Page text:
Does Medical Diagnosis Data Clarify the Relation Between Prenatal Care and Delivery Outcomes?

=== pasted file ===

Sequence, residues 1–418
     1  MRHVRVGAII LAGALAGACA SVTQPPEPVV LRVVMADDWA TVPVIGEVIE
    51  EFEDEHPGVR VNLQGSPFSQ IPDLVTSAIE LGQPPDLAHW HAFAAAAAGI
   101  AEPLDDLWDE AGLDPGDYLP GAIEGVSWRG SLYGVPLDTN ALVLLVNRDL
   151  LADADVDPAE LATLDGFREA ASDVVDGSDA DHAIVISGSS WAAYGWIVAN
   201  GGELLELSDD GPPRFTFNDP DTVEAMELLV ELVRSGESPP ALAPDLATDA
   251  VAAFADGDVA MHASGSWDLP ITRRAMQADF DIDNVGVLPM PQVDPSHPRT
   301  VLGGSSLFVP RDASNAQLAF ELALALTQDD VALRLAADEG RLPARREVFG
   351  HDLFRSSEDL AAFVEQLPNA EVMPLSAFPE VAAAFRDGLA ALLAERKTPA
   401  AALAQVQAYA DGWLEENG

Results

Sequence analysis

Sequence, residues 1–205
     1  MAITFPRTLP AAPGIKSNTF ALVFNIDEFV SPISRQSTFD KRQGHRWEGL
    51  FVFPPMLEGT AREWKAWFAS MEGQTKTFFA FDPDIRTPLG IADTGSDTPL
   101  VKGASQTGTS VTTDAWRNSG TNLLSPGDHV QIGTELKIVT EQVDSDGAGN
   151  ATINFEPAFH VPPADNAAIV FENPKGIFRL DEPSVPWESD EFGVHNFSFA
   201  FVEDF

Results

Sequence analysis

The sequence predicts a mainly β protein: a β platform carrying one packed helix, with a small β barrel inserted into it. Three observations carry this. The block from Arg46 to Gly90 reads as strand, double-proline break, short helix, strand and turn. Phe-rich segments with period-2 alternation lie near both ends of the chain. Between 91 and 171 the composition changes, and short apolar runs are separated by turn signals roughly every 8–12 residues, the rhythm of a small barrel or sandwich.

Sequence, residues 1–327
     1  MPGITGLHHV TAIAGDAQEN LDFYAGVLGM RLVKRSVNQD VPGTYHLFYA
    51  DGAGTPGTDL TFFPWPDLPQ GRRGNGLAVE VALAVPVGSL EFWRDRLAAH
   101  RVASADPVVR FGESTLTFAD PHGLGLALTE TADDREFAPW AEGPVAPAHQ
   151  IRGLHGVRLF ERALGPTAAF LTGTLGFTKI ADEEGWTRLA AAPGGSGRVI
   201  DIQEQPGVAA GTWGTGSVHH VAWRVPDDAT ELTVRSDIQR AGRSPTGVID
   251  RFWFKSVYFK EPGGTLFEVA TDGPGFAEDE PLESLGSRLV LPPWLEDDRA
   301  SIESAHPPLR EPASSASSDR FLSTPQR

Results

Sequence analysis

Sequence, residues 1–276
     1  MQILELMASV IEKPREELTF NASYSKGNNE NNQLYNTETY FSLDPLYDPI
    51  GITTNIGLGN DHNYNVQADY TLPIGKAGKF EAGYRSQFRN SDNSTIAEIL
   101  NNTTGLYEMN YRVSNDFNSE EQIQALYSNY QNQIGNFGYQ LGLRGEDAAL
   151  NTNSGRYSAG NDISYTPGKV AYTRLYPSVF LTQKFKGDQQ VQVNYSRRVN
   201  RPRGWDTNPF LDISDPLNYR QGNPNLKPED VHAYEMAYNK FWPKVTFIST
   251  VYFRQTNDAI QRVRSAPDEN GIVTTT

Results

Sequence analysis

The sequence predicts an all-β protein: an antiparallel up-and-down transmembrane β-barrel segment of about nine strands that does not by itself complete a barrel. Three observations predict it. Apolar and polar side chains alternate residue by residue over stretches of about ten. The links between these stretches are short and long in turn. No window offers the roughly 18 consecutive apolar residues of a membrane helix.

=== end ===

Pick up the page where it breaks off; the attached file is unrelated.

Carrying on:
Studies indicating that prenatal care has minimal impact sparked additional work to assess whether this is a correct conclusion or a statistical artifact. Recent work highlights the importance of including medical diagnoses as regression variables, developing inclusive measures for health outcomes, and using providergenerated measures of prenatal care utilization. We explore these issues using administrative data provided by a tertiary care hospital and a prenatal care clinic. This data includes provider-generated utilization data, coded medical diagnoses, and variable direct costs for delivery-episode hospital care. Because all patients in this dataset obtained care from one set of providers in one urban area, the data set also minimizes heterogeneity due to variations in provider practice patterns and community services. We find that prenatal care exerts a significant beneficial impact on infant outcomes, and variable direct cost provides an inclusive outcomes measure when appropriate exogenous control variables are available. Estimated per-visit cost savings range from zero for patients with no diagnoses, to $10 for patients with one diagnosis, and $22 for patients with multiple diagnoses. The differences among these per-visit savings are significant, suggesting suboptimal allocation of clinic resources. Prenatal care utilization does not, however, increase with the number of diagnoses.
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